If there is one thing I could change, it would be the keyboard on the smart cover. I’m sure there is a technical reason why the keys are on the smaller side, but I’m used to 12-inch MacBook keyboard, which has the wider keys. It’s a small complaint, but I’d love the keys to be more like the MacBook.

Take True Tone, the anti-reflective display and add in the performance with the 64-bit A9X chip, Night Shift, a four-speaker audio system, 4K video, 5-megapixel FaceTime HD camera, faster wireless technologies, and support for the Apple Pencil, among other features, and you have a clear winner of a device.

I’ve been using the 9.7 iPad Pro more than any iPad before it. Apple not only made the iPad more powerful, it made it more useable, and that’s what’s important to me.



  • eilfurz

    can you turn off true tone? it should give you a more accurate viewing experience in most environments, but i wouldn’t neccessarily trust it for judging images. up until now, an ipad with it’s more or less calibrated ips-lcd has been a pretty constant way of looking at images and videos and showing them to clients. recently, someone sent me a photo and asked if it had a yellow cast – naturally i had to switch off “night shift” to judge that.

    • Yes, you can turn it off.

    • I can see why night shift would hurt you, but I’m surprised that true tone does. Isn’t it the same as printing out the image and looking at it? Isn’t that more accurate than a display?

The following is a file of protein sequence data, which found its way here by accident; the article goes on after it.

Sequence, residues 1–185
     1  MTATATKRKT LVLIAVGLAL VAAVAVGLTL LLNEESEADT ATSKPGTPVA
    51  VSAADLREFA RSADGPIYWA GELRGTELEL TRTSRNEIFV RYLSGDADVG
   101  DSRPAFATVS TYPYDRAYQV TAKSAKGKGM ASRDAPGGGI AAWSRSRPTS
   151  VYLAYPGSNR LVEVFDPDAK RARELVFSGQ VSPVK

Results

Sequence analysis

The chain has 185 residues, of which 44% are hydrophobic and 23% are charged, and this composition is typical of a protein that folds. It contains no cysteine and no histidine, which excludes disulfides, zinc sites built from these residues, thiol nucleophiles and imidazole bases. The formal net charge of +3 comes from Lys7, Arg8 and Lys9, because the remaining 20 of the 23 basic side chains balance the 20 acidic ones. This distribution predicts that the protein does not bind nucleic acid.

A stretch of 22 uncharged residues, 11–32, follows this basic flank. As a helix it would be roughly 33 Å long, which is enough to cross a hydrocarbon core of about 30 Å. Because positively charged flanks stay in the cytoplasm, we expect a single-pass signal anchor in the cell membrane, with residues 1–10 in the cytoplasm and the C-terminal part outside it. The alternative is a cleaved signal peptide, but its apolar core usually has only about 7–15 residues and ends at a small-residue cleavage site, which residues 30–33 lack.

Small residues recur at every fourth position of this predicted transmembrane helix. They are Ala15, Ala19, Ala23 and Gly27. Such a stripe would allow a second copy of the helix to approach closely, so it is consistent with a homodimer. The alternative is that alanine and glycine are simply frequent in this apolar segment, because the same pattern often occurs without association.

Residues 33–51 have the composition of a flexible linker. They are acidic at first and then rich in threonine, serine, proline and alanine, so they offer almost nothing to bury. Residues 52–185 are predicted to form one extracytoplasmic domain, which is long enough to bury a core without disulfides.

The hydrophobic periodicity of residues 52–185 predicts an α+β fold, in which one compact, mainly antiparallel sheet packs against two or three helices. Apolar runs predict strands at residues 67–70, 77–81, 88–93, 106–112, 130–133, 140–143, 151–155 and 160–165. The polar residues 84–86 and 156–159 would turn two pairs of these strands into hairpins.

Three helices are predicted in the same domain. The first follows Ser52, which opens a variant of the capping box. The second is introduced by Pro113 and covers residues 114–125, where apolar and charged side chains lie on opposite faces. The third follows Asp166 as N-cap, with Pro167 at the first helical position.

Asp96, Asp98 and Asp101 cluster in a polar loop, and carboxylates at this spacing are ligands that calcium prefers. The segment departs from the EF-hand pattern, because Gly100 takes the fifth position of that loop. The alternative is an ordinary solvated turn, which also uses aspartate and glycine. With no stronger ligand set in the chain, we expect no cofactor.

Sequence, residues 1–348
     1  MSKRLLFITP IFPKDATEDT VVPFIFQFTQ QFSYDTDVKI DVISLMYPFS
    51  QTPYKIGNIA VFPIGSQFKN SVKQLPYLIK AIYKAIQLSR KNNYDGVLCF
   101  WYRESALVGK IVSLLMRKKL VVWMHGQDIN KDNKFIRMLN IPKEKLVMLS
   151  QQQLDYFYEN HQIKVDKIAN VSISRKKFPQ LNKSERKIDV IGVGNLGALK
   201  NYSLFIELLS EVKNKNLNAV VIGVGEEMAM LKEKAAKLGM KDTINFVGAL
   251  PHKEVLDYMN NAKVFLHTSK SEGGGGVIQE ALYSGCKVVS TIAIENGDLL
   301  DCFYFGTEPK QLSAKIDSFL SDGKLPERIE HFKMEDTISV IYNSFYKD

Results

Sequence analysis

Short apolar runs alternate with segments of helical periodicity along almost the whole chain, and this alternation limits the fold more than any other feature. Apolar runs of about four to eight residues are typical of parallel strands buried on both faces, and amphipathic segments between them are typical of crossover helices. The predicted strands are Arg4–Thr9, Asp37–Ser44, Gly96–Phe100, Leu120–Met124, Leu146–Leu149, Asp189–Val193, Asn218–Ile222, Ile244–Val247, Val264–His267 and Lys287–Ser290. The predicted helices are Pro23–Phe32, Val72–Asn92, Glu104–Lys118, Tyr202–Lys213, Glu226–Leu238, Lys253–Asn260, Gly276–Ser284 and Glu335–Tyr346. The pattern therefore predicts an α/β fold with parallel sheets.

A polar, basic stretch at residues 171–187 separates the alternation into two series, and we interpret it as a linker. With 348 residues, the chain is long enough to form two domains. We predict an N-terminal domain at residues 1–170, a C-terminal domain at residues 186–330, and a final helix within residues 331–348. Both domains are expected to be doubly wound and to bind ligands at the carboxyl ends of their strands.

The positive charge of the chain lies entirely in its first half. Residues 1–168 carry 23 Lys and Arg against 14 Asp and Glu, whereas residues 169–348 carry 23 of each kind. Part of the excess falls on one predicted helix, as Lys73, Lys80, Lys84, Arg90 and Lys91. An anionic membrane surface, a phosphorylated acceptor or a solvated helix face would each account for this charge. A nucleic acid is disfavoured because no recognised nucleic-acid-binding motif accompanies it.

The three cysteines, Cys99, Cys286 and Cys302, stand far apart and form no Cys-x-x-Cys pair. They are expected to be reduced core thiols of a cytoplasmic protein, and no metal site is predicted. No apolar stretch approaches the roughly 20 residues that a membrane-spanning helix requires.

• Richard Glover

    A question for someone that possesses the 9.7″ iPad Pro: does the camera bulge on the back make it a “tippy top” when you lay it on a flat surface? When using it as one might a 12.9″ one (as a drawing tablet) does the protrusion interfere with the function?

    • I’ve seen multiple reviews say that it didn’t wobble and not a single review saying it did. It’s still ugly though.

      • a difference that makes no difference is no difference.

  • VRSmiffSteen

    Jim…. Thanks millions. I can’t wait to get mine on Thursday…..

    Is the setup basically the same as before ?? Just restore from an iTunes backup and you’re done ???

  • dr.am

    iMac has 10-bit panel iPad Pro has 8-bit panel. So this whole Wide color in iPad is simulated at most.

    sRGB is 8 bit color standard. DCI-P3 is higher but not specified anywhere.

    Most of Apple’s laptop have been 6-bit variety thrughout history.

    So 10-bit 1 billion color is a wet dream.